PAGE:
WW2010
University of Illinois

WW2010
 
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Online Guides
 
  introduction
 
  meteorology
 
> remote sensing
 
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Remote Sensing
 
  introduction
 
> radars
 
  satellites

Radars
 
  introduction
 
  radar basics
 
> imagery
 
  velocity patterns
 
  applications

MDR Imagery
 
> introduction
 
  tops & movement
 
  type & tendencies

User Interface
 
  graphics
> text

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MDR Radar Imagery
detecting precipitation

The word radar stands for Radio Detection and Ranging and radar images are useful for locating precipitation. As an X-ray machine examines the inside of a human body, a radar examines the inside of a cloud. A radar sends out signals into the atmosphere and if any precipitation is present, the radar signal is scattered back to the radar transmitter. These returned signals, called radar echoes, are used to produce radar images.


The location of the colored radar echoes indicate where precipitation is falling and the various colors indicate the intensity of the precipitation through the color code in the legend below.


Shades of blue represent lighter precipitation while red and purple indicate heavier precipitation. The example radar image above shows extensive precipitation from Kansas into Ohio associated with showers and thunderstorms that developed during the late afternoon hours of August 15, 1995. Regions of light and dark blue indicate regions of lighter precipitation while areas of red and purple indicate strong, to occasionally severe thunderstorms.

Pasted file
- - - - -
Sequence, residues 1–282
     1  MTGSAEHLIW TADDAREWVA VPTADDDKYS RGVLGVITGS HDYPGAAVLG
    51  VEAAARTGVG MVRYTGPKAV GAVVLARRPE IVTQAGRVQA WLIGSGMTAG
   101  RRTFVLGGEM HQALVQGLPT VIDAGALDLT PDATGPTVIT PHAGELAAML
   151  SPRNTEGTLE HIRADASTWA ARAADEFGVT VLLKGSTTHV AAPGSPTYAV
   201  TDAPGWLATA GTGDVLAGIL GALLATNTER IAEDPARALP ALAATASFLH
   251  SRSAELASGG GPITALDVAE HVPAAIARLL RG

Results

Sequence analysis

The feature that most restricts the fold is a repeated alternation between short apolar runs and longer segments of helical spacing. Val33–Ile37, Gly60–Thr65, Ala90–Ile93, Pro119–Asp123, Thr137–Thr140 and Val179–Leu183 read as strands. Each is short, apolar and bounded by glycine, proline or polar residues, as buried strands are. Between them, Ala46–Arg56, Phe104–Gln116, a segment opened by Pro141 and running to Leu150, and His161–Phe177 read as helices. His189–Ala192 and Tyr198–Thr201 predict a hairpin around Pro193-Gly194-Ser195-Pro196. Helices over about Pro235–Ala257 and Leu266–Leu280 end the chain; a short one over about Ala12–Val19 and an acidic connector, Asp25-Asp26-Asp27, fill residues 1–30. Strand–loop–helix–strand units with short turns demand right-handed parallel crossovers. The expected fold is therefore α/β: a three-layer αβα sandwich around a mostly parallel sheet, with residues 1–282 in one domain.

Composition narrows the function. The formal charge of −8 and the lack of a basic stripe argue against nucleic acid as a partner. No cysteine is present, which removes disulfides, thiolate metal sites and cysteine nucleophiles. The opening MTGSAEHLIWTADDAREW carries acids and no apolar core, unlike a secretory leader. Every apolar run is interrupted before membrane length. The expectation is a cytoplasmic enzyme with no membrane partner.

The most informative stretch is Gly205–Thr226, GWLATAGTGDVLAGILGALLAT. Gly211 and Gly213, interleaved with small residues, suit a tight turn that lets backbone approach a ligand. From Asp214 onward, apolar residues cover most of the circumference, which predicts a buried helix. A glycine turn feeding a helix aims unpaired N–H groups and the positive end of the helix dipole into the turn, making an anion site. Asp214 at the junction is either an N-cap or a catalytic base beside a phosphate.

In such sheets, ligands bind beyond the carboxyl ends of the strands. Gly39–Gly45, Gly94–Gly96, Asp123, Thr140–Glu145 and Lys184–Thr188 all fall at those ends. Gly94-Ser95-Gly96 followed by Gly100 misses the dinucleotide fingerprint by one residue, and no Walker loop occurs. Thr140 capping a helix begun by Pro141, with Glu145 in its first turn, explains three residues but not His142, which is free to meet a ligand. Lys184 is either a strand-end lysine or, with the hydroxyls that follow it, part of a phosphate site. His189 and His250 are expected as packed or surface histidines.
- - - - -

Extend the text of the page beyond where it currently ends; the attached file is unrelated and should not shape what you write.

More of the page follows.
These radar images DO NOT specify precipitation type, as is seen with some newer products, only the location of precipitation and its intensity. Therefore, dark blue could represent either light rain or light snow, depending upon the weather conditions that existed at the time the radar image was generated.


Terms for using data resources. CD-ROM available.
Credits and Acknowledgments for WW2010.
Department of Atmospheric Sciences (DAS) at
the University of Illinois at Urbana-Champaign.